It often takes one single event to interest teenagers in a topic that will become a passion or a career. It is in this spirit that
the SPIE and OSA Student Chapters at Université Laval created the Photonic Games three years ago, to kindle an
interest in teenagers towards studies and careers in optics. The activity, offered each year to more than a hundred grade
11 students, is divided in two parts. First, we offer a hands-on workshop in their classrooms about reflection, refraction,
dispersion, birefringence and polarization. A few days later, all the students come to the <i>Centre d'optique, photonique et
laser</i> (COPL) at Université Laval for a day of competition where a volunteer physics student accompanies each team of
four students. Challenges are various to promote the qualities that make great scientists: creativity, teamwork,
knowledge, inquisitiveness, self-confidence and perseverance. The first two editions of the Photonic Games have proven
to be beneficial for the students, teachers and volunteers, and we endeavor to improve it as we construct on our
experience with the past editions to fine-tune and improve the Photonic Games concept.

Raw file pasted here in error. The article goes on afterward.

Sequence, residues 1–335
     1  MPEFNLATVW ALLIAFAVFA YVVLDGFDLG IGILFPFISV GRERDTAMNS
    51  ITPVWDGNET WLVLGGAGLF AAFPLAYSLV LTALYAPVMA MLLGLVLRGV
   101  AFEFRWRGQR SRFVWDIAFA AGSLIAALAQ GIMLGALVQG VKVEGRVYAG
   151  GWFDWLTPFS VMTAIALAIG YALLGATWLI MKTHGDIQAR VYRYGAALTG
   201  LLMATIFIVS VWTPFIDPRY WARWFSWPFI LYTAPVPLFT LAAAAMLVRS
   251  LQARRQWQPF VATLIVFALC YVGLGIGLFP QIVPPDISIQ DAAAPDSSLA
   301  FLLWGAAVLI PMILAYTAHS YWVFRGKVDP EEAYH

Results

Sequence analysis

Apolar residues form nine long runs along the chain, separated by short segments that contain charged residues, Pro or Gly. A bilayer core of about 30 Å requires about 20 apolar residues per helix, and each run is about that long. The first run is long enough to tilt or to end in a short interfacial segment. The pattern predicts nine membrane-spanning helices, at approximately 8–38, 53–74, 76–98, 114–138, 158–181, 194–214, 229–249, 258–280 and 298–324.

Using the vectorial diffraction theory established by Richards and Wolf, we demonstrate that the resolution of a two-photon microscope can be improved with a radially polarized TM<sub>01</sub> laser beam and an interface between dielectrics, instead of the linearly polarized Gaussian beam already used in laser scanning microscopy. To verify the theoretical results, we developed a mode converter producing radially polarized beams and we have integrated it in a commercial two-photon microscope.
We present two optical systems that can transform a Gaussian beam into the lowest-order transverse magnetic laser
beam (the so-called TM<sub>01</sub> laser beam). When a TM<sub>01</sub> laser beam is focused by an objective with a high numerical aperture (NA > 0.9), theory predicts the appearance of a bright central feature at focus; the width of this feature is
smaller than that of the focal spot obtained with a Gaussian beam [1,2]. Our goal is to improve the lateral resolution of
two-photon microscopy when a TM<sub>01</sub> laser beam is used.